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Brief Biographies of Committee Members

Albert Carnesale is University of California, Los Angeles (UCLA) chancellor emeritus and holds professorial appointments in UCLA’s School of Public Affairs and Henry Samueli School of Engineering and Applied Science. His research currently focuses on issues in international affairs and security and in higher education. Dr. Carnesale served as chancellor of UCLA from July 1, 1997 to June 30, 2006. He is the author or co-author of six books and more than 100 scholarly articles on a wide range of subjects, including the control of nuclear weapons and other weapons of mass destruction, international energy issues, the effects of technological change on foreign and defense policy, and challenges and opportunities facing higher education. Prior to assuming the chancellorship of UCLA in 1997, Dr. Carnesale was at Harvard University for 23 years, serving as provost of the university and academic dean and dean of Harvard's John F. Kennedy School of Government, where he also held the Lucius N. Littauer Professorship of Public Policy and Administration. His earlier career included positions in the private sector and in government. Dr. Carnesale has represented the United States government in high-level negotiations on defense and energy issues (including the Strategic Arms Limitation Talks, SALT I). He holds bachelor's and master's degrees in mechanical engineering and a Ph.D. degree in nuclear engineering, has been awarded three honorary doctorate degrees, and is a fellow of the American Academy of Arts and Sciences and a member of the Council on Foreign Relations.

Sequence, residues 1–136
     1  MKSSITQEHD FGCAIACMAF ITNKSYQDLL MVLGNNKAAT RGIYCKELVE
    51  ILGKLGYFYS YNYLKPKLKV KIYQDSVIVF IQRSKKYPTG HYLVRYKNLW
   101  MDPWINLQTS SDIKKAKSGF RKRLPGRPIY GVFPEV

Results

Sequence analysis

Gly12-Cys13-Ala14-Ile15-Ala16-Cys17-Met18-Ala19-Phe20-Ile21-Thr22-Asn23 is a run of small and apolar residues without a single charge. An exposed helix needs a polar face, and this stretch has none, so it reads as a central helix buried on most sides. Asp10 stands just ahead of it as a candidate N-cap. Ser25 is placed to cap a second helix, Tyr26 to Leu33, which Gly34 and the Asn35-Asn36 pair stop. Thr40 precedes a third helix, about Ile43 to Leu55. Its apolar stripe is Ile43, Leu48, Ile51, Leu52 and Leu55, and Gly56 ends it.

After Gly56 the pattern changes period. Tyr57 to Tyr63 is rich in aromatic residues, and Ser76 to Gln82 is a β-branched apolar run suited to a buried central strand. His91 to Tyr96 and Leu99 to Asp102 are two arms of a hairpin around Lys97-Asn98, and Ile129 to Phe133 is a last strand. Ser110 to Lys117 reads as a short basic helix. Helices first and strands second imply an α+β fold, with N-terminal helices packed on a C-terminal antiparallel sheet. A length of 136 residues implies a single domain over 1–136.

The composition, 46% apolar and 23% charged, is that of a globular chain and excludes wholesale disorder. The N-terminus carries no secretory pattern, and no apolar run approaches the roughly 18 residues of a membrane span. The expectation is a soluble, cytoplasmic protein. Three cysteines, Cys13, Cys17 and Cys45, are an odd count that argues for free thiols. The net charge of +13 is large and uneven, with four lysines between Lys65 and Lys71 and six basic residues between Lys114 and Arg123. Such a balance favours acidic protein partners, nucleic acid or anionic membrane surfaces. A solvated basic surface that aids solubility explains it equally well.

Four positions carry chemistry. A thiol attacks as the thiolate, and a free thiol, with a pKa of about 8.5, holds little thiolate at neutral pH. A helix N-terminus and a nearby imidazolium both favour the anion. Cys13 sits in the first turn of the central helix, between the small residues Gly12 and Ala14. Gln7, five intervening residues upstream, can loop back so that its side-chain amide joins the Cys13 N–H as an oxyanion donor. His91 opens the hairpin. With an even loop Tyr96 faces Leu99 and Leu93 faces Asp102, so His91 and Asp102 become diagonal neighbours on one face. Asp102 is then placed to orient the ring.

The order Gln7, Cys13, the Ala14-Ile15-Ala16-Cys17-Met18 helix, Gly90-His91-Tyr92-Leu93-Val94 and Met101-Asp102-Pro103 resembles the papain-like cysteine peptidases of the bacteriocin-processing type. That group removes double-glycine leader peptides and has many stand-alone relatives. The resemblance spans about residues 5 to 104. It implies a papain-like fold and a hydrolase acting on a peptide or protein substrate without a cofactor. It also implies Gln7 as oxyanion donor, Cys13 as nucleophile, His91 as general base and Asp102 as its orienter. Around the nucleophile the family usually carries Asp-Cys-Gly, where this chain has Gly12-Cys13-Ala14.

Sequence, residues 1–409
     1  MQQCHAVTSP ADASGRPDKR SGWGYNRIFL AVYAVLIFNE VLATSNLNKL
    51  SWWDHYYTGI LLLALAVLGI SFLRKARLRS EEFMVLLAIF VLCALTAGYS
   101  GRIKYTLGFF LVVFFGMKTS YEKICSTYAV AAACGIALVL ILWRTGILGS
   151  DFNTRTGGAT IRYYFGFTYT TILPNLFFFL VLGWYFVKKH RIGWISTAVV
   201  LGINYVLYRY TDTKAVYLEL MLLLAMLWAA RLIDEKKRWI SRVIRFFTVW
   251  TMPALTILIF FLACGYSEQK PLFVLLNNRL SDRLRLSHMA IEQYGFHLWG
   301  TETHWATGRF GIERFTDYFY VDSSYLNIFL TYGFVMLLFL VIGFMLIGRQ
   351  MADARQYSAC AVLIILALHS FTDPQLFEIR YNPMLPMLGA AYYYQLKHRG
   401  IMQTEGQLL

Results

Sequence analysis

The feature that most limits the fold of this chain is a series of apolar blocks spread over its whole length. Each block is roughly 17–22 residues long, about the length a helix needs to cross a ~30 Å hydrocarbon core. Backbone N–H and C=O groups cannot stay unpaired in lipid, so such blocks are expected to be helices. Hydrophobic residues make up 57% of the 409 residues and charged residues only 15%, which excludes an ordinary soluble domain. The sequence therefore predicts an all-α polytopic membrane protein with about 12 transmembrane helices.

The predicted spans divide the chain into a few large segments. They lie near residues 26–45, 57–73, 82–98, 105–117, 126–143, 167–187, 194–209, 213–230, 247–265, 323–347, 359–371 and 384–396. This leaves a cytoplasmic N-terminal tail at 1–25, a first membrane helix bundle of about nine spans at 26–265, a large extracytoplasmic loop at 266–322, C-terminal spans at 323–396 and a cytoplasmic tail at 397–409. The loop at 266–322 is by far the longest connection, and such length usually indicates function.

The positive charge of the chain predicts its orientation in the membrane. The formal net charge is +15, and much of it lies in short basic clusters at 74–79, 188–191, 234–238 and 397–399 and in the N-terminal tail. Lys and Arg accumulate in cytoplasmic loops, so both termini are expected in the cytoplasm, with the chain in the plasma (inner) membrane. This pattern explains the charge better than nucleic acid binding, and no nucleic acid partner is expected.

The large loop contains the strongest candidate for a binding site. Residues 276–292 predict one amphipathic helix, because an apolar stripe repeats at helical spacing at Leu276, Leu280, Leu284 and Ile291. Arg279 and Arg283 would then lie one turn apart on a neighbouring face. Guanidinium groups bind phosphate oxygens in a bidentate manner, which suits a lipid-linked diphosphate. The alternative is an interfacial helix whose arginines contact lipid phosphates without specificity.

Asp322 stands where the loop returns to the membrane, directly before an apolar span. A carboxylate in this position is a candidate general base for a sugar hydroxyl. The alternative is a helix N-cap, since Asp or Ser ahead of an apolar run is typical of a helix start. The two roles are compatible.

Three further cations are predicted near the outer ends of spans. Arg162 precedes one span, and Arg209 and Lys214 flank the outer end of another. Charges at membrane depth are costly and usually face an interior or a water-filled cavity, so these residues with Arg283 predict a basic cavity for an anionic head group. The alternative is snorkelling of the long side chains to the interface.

Marvin Adams is professor of Nuclear Engineering, associate vice president for research, and director, Institute for National Security Education and Research, at Texas A&M University. He worked at Sequoyah Nuclear Plant (a TVA power plant) and its support office for approximately 2.5 years before entering graduate school at the University of Michigan. There he began working on computational methods, focusing on problems involving particle transport. This effort continued through 5.5 years as a code developer in the secondary-design division at Lawrence Livermore National Laboratory, and it has continued and broadened during 15 years on the faculty at Texas A&M University. In recent years he has focused on efficient large-scale coupled-physics simulations and on assessing the predictive capability of such simulations. Dr. Adams has served on panels and committees that have reviewed and advised the NNSA labs and DOE on matters including Stockpile Stewardship and the role of Advanced Scientific Computing in the weapons program. He is a fellow of the American Nuclear Society. Dr. Adams received a B.S. degree from Mississippi State University, and M.S.E. and Ph.D. degrees from the University of Michigan, all in nuclear engineering.


R. Stephen Berry is the James Franck Distinguished Service Professor Emeritus of Chemistry at the University of Chicago and holds appointments in the college, the James Franck Institute, and